Français

Script 57.7

Notes to broadcasters

Main message of this broadcast: Girls and boys should have the same opportunities to attend school. Often, girls are taken out of school to help with the work at home, or to look after younger children.  This drama gives some suggestions about how girls can attend school and still help at home, and illustrates the benefits to families of educating both their sons and daughters.

Suggestions: Please change the names of the characters to names found in your culture.  There are other words that should also be changed to words or phrases common to your community.  For example, in each culture there are either formal or informal associations that are “women’s meetings.”  Use a term that will be familiar to your listeners instead.  Another example is “baobab tree.”  These trees are common in some African countries but not everywhere.  Substitute “baobab” with the name of a big shady tree that is common to rural areas in your country.  You will find other words that you may want to replace.  Make the changes so that your listeners can understand the characters, the places and things in this script.

Script

Characters

Narrator:
This can be the program host.
Mrs. Wanza:
Woman farmer.
Elizabeth:
Mrs. Wanza’s new daughter-in-law.
Mrs. Zulu:
Woman farmer, and a friend of Mrs. Wanza.

Narrator:
Mrs. Wanza is very happy — her eldest son Mackson has just got married! Mackson and his wife, Elizabeth, are now living with Mrs. Wanza. Elizabeth is new to this village — her family’s home is a half-day walk away.

Mrs. Wanza is eager to introduce her son’s wife to all her friends. Many of her friends will be at today’s women’s meeting. Mrs. Wanza and Elizabeth have just finished all their morning chores. Let’s join them on their walk as they hurry to attend their women’s meeting in good time.

Elizabeth:
Mother, where are we going for the women’s meeting?

Mrs. Wanza:
The women’s meeting is at our school.

Elizabeth:
School? I didn’t know this village had a school. I thought everyone went to the school in Bekale.

Mrs. Wanza:
Bekale — oh yes, in the old days, our children went to that school — but it was too far. It was not safe for our daughters to walk such a long distance. And, during the rains, very few children wanted to walk, every day, all the way to Bekale. So, we mothers asked the elders to build a community school right here in our own village.

Elizabeth:
Really, how did you find the money to build an entire school?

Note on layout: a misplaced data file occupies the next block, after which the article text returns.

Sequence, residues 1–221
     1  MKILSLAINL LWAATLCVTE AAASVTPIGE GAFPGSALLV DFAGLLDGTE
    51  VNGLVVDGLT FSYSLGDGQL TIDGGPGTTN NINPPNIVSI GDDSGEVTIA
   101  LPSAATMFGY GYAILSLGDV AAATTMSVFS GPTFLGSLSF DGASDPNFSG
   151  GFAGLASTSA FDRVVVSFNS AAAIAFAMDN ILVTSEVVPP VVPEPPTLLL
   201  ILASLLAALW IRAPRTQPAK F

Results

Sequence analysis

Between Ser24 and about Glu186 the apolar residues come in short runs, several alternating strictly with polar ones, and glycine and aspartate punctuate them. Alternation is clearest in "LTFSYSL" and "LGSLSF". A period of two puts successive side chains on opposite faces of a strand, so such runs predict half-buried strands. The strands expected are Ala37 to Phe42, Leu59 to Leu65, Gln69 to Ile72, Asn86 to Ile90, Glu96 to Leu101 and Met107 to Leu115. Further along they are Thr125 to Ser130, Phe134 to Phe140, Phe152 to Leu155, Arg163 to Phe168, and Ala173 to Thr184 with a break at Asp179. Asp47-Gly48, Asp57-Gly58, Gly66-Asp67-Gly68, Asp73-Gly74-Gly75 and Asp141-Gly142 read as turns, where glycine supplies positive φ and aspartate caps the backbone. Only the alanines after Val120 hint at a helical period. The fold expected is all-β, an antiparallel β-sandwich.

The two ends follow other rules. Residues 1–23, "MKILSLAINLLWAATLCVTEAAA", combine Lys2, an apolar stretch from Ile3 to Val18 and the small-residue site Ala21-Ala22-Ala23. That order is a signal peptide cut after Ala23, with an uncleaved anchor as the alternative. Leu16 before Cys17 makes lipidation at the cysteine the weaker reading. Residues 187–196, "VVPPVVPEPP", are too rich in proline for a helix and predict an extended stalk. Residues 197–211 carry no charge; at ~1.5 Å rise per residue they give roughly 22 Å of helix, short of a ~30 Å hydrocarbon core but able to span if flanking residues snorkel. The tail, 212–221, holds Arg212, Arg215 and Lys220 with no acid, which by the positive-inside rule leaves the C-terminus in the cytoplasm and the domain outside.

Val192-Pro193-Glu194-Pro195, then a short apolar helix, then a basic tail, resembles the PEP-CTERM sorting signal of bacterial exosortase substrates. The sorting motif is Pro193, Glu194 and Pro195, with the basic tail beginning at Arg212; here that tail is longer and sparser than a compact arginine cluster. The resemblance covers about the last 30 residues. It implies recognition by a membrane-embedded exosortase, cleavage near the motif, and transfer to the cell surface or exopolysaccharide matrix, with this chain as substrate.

Mrs. Wanza:
We asked different government officials and community agency workers for money to build the school. But it was taking too much time. The elders were tired of the mothers always asking for the school. So they asked everyone in the village to contribute their time, money and labour. We built our own school.

Elizabeth:
The village built the school?

Mrs. Wanza:
Yes, it is a simple building — but it is enough to keep our children dry during the rains. In the dry season, many of the classes are under the shade of the baobab tree. A building is not so important. What is important is that the children gather together every day to learn their lessons.

Wait, I see my good friend, Mrs. Zulu!

Mrs. Wanza:
Mrs. Zulu, how are you and your family today?

Mrs. Zulu:
I am very fine, how are you and your family?

Mrs. Wanza:
We are all fine. Thank you for asking. Please let me introduce you to my daughter-in-law Elizabeth. Elizabeth, this is my very good friend Mrs. Zulu.

Mrs. Zulu:
I am pleased to meet you Elizabeth. I saw you at your wedding. You were a beautiful bride. Mrs. Wanza is very proud that her eldest son has married an educated girl.

Mrs. Wanza:
And how is your eldest daughter, Mrs. Zulu? Elizabeth, Mrs. Zulu’s daughter finished all her schooling. I think she even went to university, didn’t she, Mrs. Zulu?

Mrs. Zulu:
Yes, my daughter has spent many years at school! My eldest son went straight into business after primary school. But not my daughter! At first, we thought it very strange for a girl to spend so much time on studies. Now, we have stopped complaining. Our daughter has a very good job and sends us money every month. My husband and I are very proud of her!

Mrs. Wanza:
Yes, a daughter can take very good care of her family and her husband’s family if she has a good job! Elizabeth, remember I told you about the school we built in our village. Well, Mrs. Zulu’s daughter is now an important government person. She convinced the government to help us get a water pump for our school. Mrs. Zulu’s daughter has not forgotten her village! Are you coming to the women’s meeting, Mrs. Zulu? It should be starting soon.

Mrs. Zulu:
Yes, I am coming. First I must finish my chores. I will meet you at the school. It was good to meet you, Elizabeth.

Mrs. Wanza:
Hurry Mrs. Zulu! We would not want to start the meeting without you! We will see you at the school!
MUSICAL BREAK.

Narrator:
Mrs. Wanza and Elizabeth make their way to the women’s meeting at the school — past the stream, through Mr. Talo’s garden, and up the hill. On top of the hill there is a clear view of the village.

Down below, there are many children shouting and playing near the school. There is a water pump with children lined up to fill their buckets. Every day, when the children finish their lessons, they are allowed to take one or two buckets filled with water to their families. Only school children and teachers are permitted to use the water pump — except during the dry season. Then every one can use the water pump.